Window on Eurasia — New Series: Western Sanctions Work in a Way: Wealthy Russians Selling Yachts Before West Can Seize Them
Paul Goble Staunton, November 29 – Aleksandr Mamut and Vasily Anisimov, listed by Forbes as the 42nd and 68th richest Russians, have just sold their yachts out of fears that if they did not do so, Western governments will impound or seize them outright (primechaniya.ru/home/news/noyabr-2018/rossijskie-oligarhi-speshno-rasprodayut-svoi-superyahty-opasayas-ih-aresta/). That Russia’s richest are able to take such steps, of course, reflects the fact that Western governments instead of imposing sanctions quickly, have in almost every case signaled their intentions well in advance allowing the richest Russians to escape the losses that they should with justice suffer. A more serious sanctions regime would be imposed quickly and even unexpectedly so that those who have been the most guilty of exploiting the system would not be able to escape. At the very least, Western governments and Western publics should focus on this problem lest the greatest criminals once again escape punishment.
Window on Eurasia — New Series: Five Disturbing New Statistics about the Direction Putin is Taking Russia
Paul Goble Staunton, November 29 – Statistics, especially statistics released by Moscow or dependent on Russian figures, are anything but the most reliable measure of what is taking place in the Russian Federation. But five such indicators released in the last 48 hours are too disturbing not to be at least mentioned. The five include the following: · Russia leads all European countries in the number of new HIV/AIDS cases by a factor of two, an indication of the failure of public health efforts in that country and the unwillingness or inability of the Russian authorities to purchase anti-retroviral drugs from abroad, medications that in many places mean that this disease need not be a death sentence (forum-msk.org/material/news/15214043.html). · On a wide variety of measures of the standard of living, Russians are rapidly falling to the level of many sub-Saharan African countries and are ever further behind the advanced industrial world (finanz.ru/novosti/lichnyye-finansy/rossiya-rukhnula-do-urovnya-afriki-v-reytinge-socialnogo-blagopoluchiya-1027766545). · The number of Russians who want to emigrate has risen in the last several years from eight percent to 12 percent, a 50 percent increase (kasparov.ru/material.php?id=5BFCF65728457). · Sixty percent of Russian business leaders say that Western sanctions have hurt the Russian economy, although a smaller share say these restrictions have hurt their own operations. But both numbers undercut Kremlin claims that sanctions haven’t mattered (kasparov.ru/material.php?id=5BFD423A04045). · The number of scientists and researchers in Russia, in decline since Vladimir Putin came to power, is now falling at an accelerating fate, undercutting any possibility that the country will be able to recover or modernize on its own anytime soon (ehorussia.com/new/node/17426).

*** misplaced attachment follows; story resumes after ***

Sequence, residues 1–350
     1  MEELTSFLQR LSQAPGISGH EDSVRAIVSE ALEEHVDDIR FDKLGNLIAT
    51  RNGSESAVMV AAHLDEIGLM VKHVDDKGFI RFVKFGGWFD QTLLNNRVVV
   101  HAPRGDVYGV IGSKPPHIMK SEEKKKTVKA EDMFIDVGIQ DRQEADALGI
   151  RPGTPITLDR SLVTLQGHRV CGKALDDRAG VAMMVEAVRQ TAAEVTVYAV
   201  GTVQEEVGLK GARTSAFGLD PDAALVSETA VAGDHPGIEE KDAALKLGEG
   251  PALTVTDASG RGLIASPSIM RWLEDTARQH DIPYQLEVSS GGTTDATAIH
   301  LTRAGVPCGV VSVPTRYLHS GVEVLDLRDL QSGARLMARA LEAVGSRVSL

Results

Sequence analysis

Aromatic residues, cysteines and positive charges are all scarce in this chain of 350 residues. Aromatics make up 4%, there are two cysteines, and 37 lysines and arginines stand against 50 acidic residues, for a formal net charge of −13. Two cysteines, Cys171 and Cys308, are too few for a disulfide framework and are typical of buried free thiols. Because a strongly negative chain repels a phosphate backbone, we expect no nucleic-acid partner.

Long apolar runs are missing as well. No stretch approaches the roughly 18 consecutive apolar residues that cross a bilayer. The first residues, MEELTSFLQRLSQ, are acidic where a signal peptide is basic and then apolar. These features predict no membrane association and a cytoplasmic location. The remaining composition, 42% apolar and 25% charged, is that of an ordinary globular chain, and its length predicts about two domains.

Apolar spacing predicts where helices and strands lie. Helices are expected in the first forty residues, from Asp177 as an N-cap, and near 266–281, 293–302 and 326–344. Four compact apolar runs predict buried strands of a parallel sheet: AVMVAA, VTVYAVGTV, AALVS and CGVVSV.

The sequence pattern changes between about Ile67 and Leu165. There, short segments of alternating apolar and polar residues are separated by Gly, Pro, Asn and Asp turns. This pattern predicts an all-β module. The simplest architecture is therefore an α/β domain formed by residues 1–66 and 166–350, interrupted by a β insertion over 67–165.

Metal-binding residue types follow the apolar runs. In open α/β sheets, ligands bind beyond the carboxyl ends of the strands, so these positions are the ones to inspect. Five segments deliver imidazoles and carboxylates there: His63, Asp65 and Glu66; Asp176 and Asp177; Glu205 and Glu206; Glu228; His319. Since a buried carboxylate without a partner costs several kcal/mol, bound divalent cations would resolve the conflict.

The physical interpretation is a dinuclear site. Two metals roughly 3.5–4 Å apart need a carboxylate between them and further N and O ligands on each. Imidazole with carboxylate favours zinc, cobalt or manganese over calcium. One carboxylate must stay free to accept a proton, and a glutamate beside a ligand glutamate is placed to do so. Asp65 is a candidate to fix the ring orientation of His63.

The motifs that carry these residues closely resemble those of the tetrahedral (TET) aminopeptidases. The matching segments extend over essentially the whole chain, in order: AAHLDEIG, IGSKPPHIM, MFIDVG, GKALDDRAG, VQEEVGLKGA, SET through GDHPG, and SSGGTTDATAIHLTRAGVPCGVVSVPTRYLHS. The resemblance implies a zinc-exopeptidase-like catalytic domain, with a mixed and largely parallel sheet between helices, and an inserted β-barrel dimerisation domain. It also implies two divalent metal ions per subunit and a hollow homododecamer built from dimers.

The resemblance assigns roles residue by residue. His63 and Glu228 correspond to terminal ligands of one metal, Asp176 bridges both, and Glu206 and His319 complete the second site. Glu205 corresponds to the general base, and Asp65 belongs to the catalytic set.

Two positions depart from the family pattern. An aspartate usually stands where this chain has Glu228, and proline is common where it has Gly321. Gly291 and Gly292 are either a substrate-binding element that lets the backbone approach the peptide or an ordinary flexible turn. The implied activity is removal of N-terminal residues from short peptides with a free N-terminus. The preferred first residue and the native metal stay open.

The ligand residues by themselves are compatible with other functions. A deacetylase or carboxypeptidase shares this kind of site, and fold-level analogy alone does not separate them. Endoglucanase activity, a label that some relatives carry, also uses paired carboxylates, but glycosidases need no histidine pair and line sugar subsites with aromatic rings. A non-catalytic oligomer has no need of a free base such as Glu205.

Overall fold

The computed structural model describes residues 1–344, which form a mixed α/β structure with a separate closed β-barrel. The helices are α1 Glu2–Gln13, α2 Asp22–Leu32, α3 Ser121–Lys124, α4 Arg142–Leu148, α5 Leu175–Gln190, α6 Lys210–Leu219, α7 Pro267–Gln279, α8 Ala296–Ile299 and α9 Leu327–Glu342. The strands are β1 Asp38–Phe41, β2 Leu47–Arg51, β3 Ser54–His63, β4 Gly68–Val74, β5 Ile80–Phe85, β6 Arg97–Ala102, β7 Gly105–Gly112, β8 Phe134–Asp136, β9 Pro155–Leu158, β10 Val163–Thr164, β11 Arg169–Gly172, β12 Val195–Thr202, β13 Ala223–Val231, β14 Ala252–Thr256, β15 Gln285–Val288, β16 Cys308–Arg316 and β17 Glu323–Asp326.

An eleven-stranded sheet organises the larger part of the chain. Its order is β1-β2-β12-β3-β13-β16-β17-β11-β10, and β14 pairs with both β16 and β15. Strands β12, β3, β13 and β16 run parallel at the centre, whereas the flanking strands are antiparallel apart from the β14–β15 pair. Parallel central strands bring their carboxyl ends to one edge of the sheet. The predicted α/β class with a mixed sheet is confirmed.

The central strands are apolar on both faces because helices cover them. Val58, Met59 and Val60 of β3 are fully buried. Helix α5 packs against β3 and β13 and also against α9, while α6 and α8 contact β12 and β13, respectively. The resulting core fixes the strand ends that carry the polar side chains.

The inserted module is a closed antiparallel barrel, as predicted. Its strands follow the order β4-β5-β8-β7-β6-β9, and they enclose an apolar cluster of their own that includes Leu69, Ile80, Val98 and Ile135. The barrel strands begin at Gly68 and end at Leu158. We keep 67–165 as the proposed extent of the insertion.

Window on Eurasia — New Series: Russian Society isn’t Backward but the Russian State Is, Pozharsky Says
Paul Goble Staunton, November 29 – It has become a commonplace to say that Russian society is backward and that its failures to modernize explain and even justify the backwardness of the Russian state. But that is wrong, Mikhail Pozharsky says. Russian society isn’t “backward,” he insists; but the Russian state very much is. Sociological studies show that “Russia is one of the least religious and traditionalist countries of the world,” the Russian commentator says; but nevertheless, “the stereotype” that it is backward rather than the state remains very much “alive,” not in the least because Russian government propaganda promotes this notion (kasparov.ru/material.php?id=5BFF87F4BA665). What is especially to be regretted, Pozharsky says, is that Russian liberals are among the ones who uncritically accept the notion that the Russian people are backward while the Russian state is not, an attitude which means they accept the kind of backward state that has been created and only want to turn it in a different direction. As a result of Russian government propaganda, liberals in Russia and many elsewhere accept the notion that the worst and most repressive actions of the Russian state are not what the state wants to do but rather what it feels compelled to do because of the nature and attitudes of the Russian people. But that is nonsense, Pozharsky says. Russians don’t need to have the government ban concerts or works of art. They will simply behave the way people in other countries do: they won’t buy tickets or attend shows. To think otherwise, as Russian liberals do, is to fall into a trap the Kremlin has carefully prepared.
Window on Eurasia — New Series: Federation Council Members Want to Drop Use of Cages in Russian Courtrooms